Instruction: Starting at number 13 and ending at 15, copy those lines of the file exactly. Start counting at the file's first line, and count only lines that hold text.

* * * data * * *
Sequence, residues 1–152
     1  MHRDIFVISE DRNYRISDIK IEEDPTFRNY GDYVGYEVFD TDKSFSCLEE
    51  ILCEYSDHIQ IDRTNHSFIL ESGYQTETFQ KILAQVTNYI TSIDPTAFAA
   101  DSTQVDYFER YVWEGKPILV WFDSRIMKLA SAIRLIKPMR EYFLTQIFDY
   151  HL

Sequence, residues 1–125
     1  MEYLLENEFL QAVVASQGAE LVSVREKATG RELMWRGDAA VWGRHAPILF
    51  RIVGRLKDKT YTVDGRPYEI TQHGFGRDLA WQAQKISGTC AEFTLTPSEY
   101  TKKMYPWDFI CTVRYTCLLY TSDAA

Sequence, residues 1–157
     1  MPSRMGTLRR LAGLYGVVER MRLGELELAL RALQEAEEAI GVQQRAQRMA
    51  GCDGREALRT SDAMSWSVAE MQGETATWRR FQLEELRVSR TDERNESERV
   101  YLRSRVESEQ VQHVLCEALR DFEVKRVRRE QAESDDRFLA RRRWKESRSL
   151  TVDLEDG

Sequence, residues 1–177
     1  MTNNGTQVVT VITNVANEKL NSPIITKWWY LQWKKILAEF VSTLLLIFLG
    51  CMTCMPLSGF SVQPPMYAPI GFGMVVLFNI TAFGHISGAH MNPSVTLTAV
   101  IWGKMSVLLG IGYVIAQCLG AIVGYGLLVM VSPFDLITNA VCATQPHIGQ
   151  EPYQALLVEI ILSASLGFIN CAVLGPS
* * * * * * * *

   101  YLRSRVESEQ VQHVLCEALR DFEVKRVRRE QAESDDRFLA RRRWKESRSL
   151  TVDLEDG

Sequence, residues 1–177